In December 2011, the ACLU offered testimony to the Ohio Senate Education Committee showing support for new anti-bullying legislation. The ACLU also testified on the constitutional limits schools and the legislature face when addressing “cyber-bullying,” which often happens outside of school.
On February 2, 2012, Governor John Kasich signed House Bill 116, also known as the Jessica Logan Act, into law. The bill requires school staff to obtain training to prevent bullying, mandates that parents receive annual notification of school bullying policies and extends those anti-bullying to school buses.
The ACLU welcomes these long overdue changes, but calls for additional protections on the state and federal level, including enumeration of specific factors that place students in immediate need of protection from bullying, factors such as race, ethnicity, sexual orientation and gender identity. Only with these tools will schools be fully equipped to foster a positive learning environment for all young people.
Twenty-nine Ohio cities and counties now have anti-discrimination ordinances. Eleven of these fully protect individuals from discrimination in employment and housing based on sexual orientation and gender identity. In addition the State of Ohio protects its workers from discrimination based on sexual orientation, but not gender identity.
The following Ohio cities and counties have an LGB or LGBT anti-discrimination ordinance that protects all individuals from discrimination: Akron*, Athens*, Bowling Green*, Canton, Cincinnati*, Cleveland*, Cleveland Heights, Columbus*, Dayton*, East Cleveland*, Lakewood, North Olmsted, Oberlin, Oxford*, Shaker Heights, Toledo*, and Yellow Springs*.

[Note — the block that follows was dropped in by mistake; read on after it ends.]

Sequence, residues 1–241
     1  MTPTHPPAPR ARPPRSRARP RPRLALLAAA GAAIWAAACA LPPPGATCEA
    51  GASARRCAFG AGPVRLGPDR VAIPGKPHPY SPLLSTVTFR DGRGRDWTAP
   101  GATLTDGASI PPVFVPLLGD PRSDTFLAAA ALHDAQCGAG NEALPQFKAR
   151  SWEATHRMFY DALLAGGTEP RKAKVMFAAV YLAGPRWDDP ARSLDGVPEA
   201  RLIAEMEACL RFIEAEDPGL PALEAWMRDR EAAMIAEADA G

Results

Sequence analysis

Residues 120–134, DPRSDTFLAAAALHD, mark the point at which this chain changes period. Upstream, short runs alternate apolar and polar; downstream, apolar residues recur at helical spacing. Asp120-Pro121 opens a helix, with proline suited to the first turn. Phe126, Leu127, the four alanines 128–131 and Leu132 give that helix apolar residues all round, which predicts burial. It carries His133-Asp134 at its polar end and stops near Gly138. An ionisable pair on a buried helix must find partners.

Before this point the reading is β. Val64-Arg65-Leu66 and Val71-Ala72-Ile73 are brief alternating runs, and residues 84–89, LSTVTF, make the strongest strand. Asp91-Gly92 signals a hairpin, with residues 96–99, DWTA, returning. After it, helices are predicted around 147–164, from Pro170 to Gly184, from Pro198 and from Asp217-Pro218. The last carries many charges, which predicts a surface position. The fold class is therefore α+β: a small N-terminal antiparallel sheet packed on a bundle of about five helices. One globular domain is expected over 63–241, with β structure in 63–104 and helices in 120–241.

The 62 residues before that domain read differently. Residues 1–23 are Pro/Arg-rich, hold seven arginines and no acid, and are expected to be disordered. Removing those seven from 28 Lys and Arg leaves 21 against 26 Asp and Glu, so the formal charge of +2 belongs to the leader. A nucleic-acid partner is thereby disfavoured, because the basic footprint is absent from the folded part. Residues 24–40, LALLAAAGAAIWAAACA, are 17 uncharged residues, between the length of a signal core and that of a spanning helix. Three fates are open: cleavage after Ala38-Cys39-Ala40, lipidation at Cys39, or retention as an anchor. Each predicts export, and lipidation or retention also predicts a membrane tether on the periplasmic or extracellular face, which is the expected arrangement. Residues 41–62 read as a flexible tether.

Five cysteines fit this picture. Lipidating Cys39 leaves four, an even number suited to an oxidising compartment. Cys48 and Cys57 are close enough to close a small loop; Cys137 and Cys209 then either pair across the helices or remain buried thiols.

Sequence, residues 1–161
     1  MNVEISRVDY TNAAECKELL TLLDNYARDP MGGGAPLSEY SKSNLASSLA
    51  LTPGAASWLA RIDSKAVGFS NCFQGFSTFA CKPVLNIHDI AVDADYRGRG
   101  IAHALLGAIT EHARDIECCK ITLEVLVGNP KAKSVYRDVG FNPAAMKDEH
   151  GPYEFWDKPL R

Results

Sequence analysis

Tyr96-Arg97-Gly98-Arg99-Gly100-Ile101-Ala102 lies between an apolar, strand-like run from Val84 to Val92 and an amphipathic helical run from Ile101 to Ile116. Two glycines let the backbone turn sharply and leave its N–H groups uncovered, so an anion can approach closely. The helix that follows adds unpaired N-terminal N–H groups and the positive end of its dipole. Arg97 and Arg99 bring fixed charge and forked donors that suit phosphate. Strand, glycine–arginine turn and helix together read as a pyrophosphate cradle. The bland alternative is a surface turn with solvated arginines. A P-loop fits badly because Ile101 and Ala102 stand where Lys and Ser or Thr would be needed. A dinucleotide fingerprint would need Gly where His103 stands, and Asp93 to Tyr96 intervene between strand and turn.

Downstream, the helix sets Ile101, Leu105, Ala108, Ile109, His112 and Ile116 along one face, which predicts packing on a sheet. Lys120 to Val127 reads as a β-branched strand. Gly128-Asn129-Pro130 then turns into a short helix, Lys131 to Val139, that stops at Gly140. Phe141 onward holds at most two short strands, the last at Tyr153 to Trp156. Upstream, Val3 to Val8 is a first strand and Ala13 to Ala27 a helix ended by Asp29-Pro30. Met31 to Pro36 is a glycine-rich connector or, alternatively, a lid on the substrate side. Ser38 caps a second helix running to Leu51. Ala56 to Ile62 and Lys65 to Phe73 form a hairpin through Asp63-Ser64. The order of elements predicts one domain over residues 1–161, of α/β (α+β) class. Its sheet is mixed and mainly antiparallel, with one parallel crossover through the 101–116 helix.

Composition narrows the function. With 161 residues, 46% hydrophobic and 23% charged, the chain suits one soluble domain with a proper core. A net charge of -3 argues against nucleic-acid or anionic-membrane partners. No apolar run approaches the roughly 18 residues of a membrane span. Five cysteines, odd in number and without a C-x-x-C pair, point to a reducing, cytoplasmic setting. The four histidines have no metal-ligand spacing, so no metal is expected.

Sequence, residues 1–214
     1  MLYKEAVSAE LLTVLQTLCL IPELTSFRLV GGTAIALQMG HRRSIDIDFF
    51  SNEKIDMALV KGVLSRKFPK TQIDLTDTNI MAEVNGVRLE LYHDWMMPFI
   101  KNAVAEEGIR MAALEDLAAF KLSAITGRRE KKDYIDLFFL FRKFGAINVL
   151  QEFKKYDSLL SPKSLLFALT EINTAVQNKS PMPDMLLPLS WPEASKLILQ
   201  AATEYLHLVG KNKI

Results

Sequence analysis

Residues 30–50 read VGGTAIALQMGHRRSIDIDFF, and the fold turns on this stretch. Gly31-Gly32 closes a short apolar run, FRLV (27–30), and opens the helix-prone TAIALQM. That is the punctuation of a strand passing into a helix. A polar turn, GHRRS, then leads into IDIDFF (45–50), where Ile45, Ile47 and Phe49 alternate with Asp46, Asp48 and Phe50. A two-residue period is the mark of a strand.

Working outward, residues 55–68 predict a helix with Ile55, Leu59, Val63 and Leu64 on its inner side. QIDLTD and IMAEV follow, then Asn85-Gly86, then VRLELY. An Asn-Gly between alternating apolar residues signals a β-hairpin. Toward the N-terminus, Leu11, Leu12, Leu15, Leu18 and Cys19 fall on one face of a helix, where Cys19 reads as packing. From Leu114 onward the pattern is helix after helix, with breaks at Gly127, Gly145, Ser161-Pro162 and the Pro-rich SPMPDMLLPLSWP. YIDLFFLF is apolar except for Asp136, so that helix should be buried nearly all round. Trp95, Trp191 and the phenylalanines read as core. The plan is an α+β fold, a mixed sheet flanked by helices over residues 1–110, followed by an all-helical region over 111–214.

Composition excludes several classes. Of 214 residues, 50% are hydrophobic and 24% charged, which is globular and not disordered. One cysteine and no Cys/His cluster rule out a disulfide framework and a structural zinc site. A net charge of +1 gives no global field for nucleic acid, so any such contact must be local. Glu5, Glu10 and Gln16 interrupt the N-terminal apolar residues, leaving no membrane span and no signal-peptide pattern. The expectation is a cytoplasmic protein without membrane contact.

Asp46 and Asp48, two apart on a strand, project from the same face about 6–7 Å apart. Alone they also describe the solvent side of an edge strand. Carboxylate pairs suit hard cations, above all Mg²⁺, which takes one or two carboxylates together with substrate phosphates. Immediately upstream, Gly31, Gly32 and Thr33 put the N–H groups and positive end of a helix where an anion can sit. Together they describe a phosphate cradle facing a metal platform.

The following cities and counties have protections for city or county employees only: Cuyahoga County, Cuyahoga Falls, Franklin County, Gahanna, Hamilton, Hamilton County, Laura, Lima, Lucas County, Montgomery County, Summit County, and Wood County.
* Indicates that the ordinance provides full protections from discrimination in employment and housing based on gender identity and sexual orientation. More information about the protections offered in each area is available here.
In June 2011, Athens became the fourth city in Ohio — joining Toledo, Cleveland, and Cleveland Heights — to pass a domestic partner registry. While registries do not create any new legal rights, they can be an invaluable tool for unmarried same and opposite sex couples to access other services – such as employment benefits, child care, hospital visitation, and more.
Some states do not have full marriage equality, but allow civil unions, domestic partnerships, or other types of legal recognition. Unfortunately, Ohio is one of many states that have either state laws or constitutional provisions barring same-sex marriage or relationship recognition.
In November 2004, Ohio’s state constitution was amended by ballot Issue 1 to ban same sex marriage. Article 15, Section 11 of the Ohio Constitution now says that the state shall not create or recognize relationships of unmarried adults that approximates marriage. In 2007, the Ohio Supreme Court narrowly interpreted the reach of Issue 1 in the case Ohio v. Carswell, allowing the state to continue enforcing domestic violence laws even if the couple was unmarried. Read the ACLU of Ohio press release and legal brief.